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The UN General Assembly and Other Stories

September 21, 2017
Weekly Roundup
3 min read
The UN General Assembly and Other Stories

Dear friends 

I don’t think many of us were surprised when President Trump criticized the Iranian regime during the United Nations General Assembly, saying: “The Iranian government masks a corrupt dictatorship behind the false guise of a democracy.” In fact, many people would’ve liked to have been surprised by conciliatory words from the president, including American and European diplomats and Iranian reformists. But the president repeated what he said during the campaign and since the election. 

Trump’s rhetoric against the nuclear deal is like music to the ears of Iranian hardliners, who also think it’s “the worst deal ever” and want to get rid of it bigly. So it didn’t take long for Iranian officials to insult and mock the American president. Forgetting their own Supreme Leader’s insulting comments about regional and world leaders, they called Trump “a cowboy,” “naïve” and “irresponsible.” The next day, Iranian president Hassan Rouhani tried to shame Trump donning his most sophisticated democratic guise and using calm rhetoric. After going through a series of lies about the economic development of Iran, Rouhani accused Trump of disseminating “wrong information and baseless accusations against Iranians.” 

Rouhani’s speech on Wednesday presented a counter-attack, not only against what Foreign Minister Mohammad Javad Zarif called the president’s “ignorant hate speech with no place in the 21st-century UN,” but also against his own opponents in Iran. He painted a false image of a solid, thriving Iran with a plethora of business opportunities and a commitment to promoting citizens’ rights. He pledged a commitment to sovereignty while insisting Iran was uninterested in dominance or disengagement. “Our ambassadors are our poets," he told the General Assembly, ”With Rumi we've come across the Atlantic. With Saadi we've conquered heart of Asia.” 

Of course, Mr. Rouhani didn’t speak about dozens of poetry and prose writers who are languishing in Iranian jails. He didn’t talk about the jailed journalists and businessmen and activists, and about the treatment of the Baha’i religious minority. I was talking to a European business lawyer after Rouhani’s speech, and she was wondering how Rouhani could really be presenting Iran as a healthy business environment when the Revolutionary Guards continue to dominate and monopolize so much of Iran’s economy. 

Much of the world will be watching to see what happens with the nuclear deal, arguably Rouhani’s biggest achievement so far. IranWire’s Arash Azizi, who is at the UN, has learned that the US government is lobbying on the sidelines of the UN to build a “coalition of the willing,” forging closer alliances with countries that oppose the deal. As we know, Trump has a lot in common with Iranian hardliners, who flatly state that there will be no new negotiations. So how will these new behind-the-scenes conversations shape the future of Iran’s relationship with the international community? As well as current analysis on this, to provide a more comprehensive context, we’re also linking to commentary about Iranian officials at the UN in previous years.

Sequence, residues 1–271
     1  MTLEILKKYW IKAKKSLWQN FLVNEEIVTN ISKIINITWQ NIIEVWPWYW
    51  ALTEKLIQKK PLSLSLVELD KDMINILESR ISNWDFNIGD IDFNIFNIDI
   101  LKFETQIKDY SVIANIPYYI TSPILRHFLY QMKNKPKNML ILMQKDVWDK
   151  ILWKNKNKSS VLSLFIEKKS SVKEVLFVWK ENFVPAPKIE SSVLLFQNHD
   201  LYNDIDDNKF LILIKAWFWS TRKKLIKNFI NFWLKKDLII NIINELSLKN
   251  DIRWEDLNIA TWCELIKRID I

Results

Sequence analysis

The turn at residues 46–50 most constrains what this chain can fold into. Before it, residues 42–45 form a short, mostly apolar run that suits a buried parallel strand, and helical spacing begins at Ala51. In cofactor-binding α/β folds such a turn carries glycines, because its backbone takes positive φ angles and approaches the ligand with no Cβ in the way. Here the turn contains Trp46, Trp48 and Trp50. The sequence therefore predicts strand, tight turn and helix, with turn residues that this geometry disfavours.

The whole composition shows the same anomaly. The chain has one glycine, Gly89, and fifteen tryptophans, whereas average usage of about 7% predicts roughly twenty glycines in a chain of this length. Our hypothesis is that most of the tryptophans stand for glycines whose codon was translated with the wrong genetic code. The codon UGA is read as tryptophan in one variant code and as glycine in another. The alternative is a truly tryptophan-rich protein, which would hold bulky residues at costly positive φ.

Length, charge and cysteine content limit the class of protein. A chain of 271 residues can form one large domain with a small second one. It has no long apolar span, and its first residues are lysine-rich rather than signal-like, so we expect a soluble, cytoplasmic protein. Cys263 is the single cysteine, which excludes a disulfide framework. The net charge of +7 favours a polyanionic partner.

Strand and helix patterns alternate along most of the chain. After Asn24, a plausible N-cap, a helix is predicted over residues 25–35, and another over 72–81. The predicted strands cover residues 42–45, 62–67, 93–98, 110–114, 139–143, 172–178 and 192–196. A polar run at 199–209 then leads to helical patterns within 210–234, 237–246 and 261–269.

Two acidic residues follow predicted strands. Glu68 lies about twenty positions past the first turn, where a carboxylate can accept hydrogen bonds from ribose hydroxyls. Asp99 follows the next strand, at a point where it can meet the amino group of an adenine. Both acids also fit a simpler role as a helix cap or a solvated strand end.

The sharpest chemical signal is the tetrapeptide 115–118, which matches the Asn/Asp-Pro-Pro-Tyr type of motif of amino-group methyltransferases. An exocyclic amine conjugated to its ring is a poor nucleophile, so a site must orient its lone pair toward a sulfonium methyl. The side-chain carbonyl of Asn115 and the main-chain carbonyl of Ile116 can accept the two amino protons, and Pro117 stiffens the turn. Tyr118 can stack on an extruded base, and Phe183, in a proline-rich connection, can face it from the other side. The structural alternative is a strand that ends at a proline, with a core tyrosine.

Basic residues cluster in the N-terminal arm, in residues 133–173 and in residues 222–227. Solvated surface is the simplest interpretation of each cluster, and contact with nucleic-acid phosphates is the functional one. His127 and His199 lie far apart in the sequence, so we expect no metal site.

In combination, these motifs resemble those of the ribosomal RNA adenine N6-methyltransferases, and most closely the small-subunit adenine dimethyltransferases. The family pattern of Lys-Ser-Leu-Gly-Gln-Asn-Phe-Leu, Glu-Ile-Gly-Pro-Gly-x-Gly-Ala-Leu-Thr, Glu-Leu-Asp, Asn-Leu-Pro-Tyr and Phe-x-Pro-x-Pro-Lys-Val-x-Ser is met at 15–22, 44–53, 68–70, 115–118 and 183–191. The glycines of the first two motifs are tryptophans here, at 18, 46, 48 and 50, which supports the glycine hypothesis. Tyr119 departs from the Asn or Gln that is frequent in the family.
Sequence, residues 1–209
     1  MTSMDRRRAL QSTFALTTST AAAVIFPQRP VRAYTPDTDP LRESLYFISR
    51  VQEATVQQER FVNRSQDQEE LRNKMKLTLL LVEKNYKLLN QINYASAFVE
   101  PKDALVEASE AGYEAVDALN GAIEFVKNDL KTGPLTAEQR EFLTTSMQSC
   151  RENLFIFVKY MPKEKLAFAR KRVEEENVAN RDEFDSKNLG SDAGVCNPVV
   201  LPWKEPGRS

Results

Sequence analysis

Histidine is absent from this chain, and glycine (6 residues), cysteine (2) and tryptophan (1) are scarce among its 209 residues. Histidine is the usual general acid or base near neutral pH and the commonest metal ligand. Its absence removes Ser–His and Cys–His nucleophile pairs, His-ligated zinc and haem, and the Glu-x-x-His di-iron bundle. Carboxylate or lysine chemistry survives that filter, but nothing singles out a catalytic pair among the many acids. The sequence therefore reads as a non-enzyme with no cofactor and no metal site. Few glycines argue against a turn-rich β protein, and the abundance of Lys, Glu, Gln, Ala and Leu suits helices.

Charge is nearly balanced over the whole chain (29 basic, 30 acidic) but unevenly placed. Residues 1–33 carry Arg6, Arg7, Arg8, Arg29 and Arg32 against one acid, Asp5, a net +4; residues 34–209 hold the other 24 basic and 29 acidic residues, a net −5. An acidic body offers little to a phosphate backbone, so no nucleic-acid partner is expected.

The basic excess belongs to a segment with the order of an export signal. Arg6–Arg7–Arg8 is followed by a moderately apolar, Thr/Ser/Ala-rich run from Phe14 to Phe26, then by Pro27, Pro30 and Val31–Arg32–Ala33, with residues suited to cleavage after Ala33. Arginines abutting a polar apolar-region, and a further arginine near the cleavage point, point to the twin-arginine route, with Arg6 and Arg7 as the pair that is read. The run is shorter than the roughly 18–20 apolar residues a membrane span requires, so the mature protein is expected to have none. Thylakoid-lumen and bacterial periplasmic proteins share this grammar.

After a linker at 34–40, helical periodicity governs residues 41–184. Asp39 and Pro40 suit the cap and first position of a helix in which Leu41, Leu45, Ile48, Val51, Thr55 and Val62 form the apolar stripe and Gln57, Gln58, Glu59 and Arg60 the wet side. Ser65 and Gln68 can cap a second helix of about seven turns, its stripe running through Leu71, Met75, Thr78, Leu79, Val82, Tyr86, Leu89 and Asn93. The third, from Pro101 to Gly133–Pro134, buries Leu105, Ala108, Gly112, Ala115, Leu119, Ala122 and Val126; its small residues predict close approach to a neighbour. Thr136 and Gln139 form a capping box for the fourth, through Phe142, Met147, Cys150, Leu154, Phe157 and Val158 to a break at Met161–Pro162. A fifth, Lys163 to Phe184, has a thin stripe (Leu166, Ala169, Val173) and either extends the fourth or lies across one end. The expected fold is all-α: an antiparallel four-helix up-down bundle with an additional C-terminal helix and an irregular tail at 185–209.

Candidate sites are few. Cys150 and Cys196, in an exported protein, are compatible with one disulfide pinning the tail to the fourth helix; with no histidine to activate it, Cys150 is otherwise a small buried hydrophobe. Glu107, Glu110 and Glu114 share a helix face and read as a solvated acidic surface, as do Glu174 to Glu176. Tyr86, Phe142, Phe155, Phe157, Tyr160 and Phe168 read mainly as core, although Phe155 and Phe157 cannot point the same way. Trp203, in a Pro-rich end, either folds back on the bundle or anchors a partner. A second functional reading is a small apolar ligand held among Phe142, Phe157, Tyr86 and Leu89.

We’ve had some good news this week: on Tuesday, Baha’i writer, poet and teacher Mahvash Sabet was released from prison after serving a 10-year sentence. She’s the first of seven prominent Baha’is to be released, with the other six due to finish their sentences soon, and we have an exclusive interview with her. Despite international celebrations, her release does not signal freedom for Iran’s largest religious minority. The Baha’is continue to face harsh discrimination, and are denied the right to study, work and practice their religion. 

As much as this week is about the state of the world today and Iran’s place in it, hard questions about the past also remain. Online and off, this week has seen fresh discussions about Iran’s mass executions of political prisoners in 1988, and the fact that the families of those killed are still without the full details of what happened to their loved ones. Given that plans are underway to destroy the graves of some political prisoners in one of Tehran's biggest cemeteries, it’s clear that whatever the current issues, there are many unresolved ones to answer for as well. 

As always, please let me know if you have any comments. 

Warm regards 



Rouhani at the UN: Fighting on Two Fronts

September 20, 2017
Reza HaghighatNejad
8 min read
Rouhani at the UN: Fighting on Two Fronts